About the Project

Most people see philosophy as irrelevant and silly (wondering about stuff that hardly makes sense, like how many angels can dance on the head of a pin) or irrelevant and impossibly difficult (because they actually expect you to find an answer to those silly questions.)  The aim of this course was to show my students that philosophy is not irrelevant, and that being an (amateur) philosopher can help you understand and deal with life better, by being a more thoughtful and reflective person.

In this course, I gave my students the opportunity to address one of those important life-issues they thought needs dealing with by having them write an open letter to someone.  At the end of the course, we actually mailed that letter to that person (or people), and posted it on this website for anyone else to read.  What can writing a letter do, to change important and difficult problems?  That’s something I hope we find out here, but part of what it’s already done is change my students and the people reading it (you!), by helping you understand the issue better.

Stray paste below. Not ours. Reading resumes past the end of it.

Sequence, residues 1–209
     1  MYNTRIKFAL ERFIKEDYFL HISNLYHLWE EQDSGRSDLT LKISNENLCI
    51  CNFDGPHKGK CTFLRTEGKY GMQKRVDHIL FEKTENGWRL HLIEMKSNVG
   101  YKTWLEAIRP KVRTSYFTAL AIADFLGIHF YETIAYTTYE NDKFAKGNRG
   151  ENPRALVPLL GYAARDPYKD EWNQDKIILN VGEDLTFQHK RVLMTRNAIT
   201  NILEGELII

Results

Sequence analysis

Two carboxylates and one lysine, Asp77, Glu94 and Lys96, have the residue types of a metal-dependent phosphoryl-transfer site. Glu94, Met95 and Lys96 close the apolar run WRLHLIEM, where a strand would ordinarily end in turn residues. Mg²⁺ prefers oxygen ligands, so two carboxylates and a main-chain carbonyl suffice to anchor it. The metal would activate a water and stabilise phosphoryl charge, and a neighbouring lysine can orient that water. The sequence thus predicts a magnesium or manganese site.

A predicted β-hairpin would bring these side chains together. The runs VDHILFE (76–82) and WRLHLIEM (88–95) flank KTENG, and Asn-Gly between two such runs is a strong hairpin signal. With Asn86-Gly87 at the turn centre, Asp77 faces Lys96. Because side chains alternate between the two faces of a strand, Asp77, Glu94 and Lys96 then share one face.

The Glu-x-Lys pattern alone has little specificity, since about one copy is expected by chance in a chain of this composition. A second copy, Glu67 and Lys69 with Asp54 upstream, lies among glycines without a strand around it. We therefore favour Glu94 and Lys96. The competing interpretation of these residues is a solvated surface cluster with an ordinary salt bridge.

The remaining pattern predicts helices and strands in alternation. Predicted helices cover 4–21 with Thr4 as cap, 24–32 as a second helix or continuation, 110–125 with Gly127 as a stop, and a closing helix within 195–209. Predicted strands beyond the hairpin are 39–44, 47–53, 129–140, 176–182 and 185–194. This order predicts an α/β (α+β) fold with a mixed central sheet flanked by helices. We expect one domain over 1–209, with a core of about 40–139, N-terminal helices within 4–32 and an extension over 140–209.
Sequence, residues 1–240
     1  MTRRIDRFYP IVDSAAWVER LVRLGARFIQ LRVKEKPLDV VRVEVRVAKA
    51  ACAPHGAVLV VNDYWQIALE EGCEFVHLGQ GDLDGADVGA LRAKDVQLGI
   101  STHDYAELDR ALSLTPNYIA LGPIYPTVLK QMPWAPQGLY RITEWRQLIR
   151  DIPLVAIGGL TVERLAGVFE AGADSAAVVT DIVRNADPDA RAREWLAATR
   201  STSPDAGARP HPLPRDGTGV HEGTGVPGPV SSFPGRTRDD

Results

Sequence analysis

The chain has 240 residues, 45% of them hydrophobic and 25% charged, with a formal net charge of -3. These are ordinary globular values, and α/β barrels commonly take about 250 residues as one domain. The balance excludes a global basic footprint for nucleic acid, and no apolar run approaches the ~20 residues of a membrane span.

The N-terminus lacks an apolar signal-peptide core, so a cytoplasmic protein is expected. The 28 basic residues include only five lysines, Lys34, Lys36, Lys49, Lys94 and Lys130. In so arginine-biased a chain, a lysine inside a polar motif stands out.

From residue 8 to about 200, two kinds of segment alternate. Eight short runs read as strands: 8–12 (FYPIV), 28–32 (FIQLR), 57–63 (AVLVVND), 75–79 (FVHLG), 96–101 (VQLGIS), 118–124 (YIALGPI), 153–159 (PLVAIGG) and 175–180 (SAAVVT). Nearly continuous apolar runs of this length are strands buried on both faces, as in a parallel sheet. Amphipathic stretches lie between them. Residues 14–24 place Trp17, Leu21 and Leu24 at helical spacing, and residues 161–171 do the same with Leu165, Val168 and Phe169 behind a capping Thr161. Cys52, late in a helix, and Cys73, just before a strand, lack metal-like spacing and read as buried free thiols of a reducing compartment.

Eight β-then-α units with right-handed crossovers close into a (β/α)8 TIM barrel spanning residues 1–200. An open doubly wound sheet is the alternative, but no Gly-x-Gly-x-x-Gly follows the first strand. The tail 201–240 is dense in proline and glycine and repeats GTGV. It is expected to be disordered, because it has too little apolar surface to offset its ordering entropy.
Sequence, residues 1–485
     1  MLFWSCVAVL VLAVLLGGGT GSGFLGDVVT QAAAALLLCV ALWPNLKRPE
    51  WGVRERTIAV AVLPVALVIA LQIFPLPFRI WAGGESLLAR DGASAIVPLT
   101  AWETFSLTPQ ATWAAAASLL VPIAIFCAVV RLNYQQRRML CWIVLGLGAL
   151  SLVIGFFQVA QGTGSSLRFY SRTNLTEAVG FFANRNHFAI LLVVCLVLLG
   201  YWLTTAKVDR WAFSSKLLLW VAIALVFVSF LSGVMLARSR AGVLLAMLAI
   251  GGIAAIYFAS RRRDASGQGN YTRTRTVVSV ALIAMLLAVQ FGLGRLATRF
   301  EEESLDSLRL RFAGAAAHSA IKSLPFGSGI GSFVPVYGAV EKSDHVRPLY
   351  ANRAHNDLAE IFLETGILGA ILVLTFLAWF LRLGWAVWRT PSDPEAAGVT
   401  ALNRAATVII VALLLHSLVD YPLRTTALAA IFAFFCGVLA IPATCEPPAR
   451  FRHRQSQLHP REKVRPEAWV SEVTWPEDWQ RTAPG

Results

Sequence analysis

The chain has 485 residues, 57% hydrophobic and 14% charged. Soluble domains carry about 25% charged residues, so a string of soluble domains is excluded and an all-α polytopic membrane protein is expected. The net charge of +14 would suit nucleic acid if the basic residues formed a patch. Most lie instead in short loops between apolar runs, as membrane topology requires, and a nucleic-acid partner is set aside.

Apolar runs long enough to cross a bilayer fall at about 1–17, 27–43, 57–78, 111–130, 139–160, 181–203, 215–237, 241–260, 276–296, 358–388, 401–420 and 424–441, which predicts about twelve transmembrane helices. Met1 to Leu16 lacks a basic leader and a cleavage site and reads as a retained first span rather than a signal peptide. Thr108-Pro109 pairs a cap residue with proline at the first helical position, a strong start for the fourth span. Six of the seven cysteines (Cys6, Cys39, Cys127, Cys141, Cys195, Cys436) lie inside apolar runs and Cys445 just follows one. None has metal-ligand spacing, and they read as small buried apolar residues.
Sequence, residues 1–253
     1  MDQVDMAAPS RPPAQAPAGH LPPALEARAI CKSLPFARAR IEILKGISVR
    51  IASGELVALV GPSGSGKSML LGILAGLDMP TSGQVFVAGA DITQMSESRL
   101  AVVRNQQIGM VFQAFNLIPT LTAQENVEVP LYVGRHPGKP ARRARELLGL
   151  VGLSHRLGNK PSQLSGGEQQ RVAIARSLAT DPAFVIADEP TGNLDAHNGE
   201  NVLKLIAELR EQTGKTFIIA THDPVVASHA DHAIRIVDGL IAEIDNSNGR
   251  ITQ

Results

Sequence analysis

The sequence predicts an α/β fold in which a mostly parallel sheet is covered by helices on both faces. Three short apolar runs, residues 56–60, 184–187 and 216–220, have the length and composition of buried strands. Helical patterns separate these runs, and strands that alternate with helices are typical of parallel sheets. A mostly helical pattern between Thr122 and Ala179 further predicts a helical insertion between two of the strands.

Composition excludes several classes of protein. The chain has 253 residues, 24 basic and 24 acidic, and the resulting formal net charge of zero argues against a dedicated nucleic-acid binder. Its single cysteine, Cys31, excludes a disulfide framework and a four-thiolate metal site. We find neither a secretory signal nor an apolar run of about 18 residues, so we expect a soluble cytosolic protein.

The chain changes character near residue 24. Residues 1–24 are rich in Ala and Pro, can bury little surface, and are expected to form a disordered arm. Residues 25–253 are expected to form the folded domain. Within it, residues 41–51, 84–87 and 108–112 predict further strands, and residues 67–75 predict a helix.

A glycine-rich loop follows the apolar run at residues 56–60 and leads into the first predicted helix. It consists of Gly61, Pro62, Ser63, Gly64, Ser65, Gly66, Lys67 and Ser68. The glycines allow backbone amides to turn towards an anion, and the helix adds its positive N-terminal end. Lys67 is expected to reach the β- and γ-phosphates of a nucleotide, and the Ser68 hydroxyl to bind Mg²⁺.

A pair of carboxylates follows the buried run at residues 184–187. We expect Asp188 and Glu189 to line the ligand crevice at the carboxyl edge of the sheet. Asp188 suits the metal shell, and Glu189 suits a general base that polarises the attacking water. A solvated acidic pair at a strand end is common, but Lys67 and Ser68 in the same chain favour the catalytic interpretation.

Did my students actually use philosophy in a (gasp!) practical way?  Read some letters, and find out.  Maybe, maybe not… (of course, this isn’t a controlled experiment, so the question is likely unanswerable.  Ah, philosophy.)  I don’t grade the letters – I don’t want them artificially written – so there’s a reason you don’t see explicit philosophy in them.  (I just require they write a letter, properly formatted, to pass the course.  I don’t restrict the content.)


2 Comments Add your own

  • 1. Susan Lottermann  |  April 30, 2014 at 10:38 am

    I stumbled upon the letter that a former student had written on a particularly bad day; a day when I was actually questioning my effectiveness as a teacher. It touched me and gave me the strength to continue on – so if philosophy and fate collided, they did on this particular day because it gave me that little push to forge on.


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